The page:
What the students were asked to do:

They were asked to send a simple text message to me (their teacher), saying “selamat berakhir pekan” (weekend greetings). I did not elicit how to say it in English nor what should they say. I only wrote the Indonesian phrase above on the board. My purpose was to let them initiate their own thoughts. They were free, tho, to ask their friends, relatives, or anyone, or find help in books or on the internet.

What the results were:

Out of total 11 students, 10 did their homework: 7 sent it to me on Saturday, 3 on Sunday. Here are the texts (with no editing):

  1. “happy lastweek mrs mino…. from ngurah”
  2. “Good Afternoon, Miss NENO. Happy last weekend for today. From KADEK SRI PURNAMA”
  3. “good afternoon ms. neno,,, it’s my homework, happy weekend ms. neno. thank’s before. from: sriwasih”
  4. “Happy weekend” [Mrs. Budani]
  5. “Hai,, good evening mrs neno, happy weekend,have a nice holiday for tomorrow.. thanks for teach me, you^re awesome, thanks so much, yulia purnamasari”
  6. “Have a nice weekend,to mrs neno,from suli.See you”
  7.  ”She you weken ms.Neno” [Tri]
  8. “happy weekend miss neno.” [Erna]
  9. “Morning miss neno. . . Happy niCe weekend. . .” [Selvi]
  10. “good morning Ms NENO,this nengah adi,have a nice weekend”

What I did in the next meeting:

The text message assignment was a good instrument to introduce them to these topics:

  1. Greetings,
  2. Titles and how to address people,
  3. How to actually say “selamat berakhir pekan” in English and other related expressions,
  4. Farewell,
  5. The correct spelling and pronunciation of all the above.

These five were the main topics, but I also touched a little on capitalization and punctuation (but didn’t over-emphasize them, since I realized their focus was more on the communicative function of the language). All the above points are useful for their everyday speaking practice at work, with both customers and coworkers. Teaching materials they can relate to is important in an ESP and/ or adult class. Please note that during the discussion of their homework, I wasn’t being judgmental in any way in order to show them they were allowed to make mistakes and obliged to learn from them.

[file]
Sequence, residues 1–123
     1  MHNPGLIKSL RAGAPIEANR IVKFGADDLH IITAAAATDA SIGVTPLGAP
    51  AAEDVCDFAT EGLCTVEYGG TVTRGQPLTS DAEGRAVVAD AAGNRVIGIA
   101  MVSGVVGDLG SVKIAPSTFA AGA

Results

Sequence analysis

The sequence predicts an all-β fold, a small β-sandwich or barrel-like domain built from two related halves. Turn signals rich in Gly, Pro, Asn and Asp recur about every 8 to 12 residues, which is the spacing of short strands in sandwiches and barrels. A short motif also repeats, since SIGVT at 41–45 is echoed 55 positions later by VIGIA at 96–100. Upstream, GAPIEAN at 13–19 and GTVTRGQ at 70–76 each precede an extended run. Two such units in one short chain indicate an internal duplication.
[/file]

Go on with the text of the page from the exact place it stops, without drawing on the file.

What I learned from this activity:

This is definitely one of my favorite activities that I will continue using and modifying for my future classes. Like any other class activity, it has some advantages and disadvantages. I will start with the disadvantages.

The shortfalls:

  1. Skills practiced were limited to only writing and grammar,
  2. Text message character limit (up to only 160 characters) limited students to do longer task,
  3. Teachers should have lots of ideas for topic (repetition can lead to boredom).

The positive sides:

  1. It was a good tool to measure students’ basic knowledge,
  2. The task could fill the gap between the class and their everyday life – that learning does not take place only in the classroom,
  3. It was a good way to introduce topics that were presented in the next meeting,
  4. The task was time efficient, considerably cheap, and fun.

I could say that this assignment was a part of my experiment in making my class more engaging and effective. I would be very happy to receive any comment or input on any aspect of this experiment from you. Thank you and I hope you can find it useful.

Photo credit: mobighar.com.

Kamus dan pentingnya belajar mandiri

I often say to my students: “I am not a 70 kg walking dictionary. Go get yourself a dictionary! Download one on your cellphone!” – @me_nulis, seorang guru sebuah SMA di Surabaya